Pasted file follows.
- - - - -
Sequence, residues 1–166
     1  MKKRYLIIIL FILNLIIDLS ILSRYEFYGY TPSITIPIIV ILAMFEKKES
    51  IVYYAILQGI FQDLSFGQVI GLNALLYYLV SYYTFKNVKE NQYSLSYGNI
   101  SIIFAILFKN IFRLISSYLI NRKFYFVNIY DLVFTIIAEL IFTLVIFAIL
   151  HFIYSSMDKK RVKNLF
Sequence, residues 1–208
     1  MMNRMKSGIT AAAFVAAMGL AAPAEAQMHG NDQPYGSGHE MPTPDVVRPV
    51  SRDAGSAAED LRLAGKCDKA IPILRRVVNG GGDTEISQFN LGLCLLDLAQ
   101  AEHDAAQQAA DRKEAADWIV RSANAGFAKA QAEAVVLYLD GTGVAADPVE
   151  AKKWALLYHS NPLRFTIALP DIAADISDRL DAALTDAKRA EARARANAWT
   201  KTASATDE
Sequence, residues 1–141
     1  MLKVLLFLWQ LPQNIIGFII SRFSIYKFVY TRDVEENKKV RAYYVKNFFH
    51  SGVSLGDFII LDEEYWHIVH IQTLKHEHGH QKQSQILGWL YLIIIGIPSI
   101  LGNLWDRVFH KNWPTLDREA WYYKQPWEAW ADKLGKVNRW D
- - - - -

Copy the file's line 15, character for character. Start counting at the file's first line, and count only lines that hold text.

   101  LGNLWDRVFH KNWPTLDREA WYYKQPWEAW ADKLGKVNRW D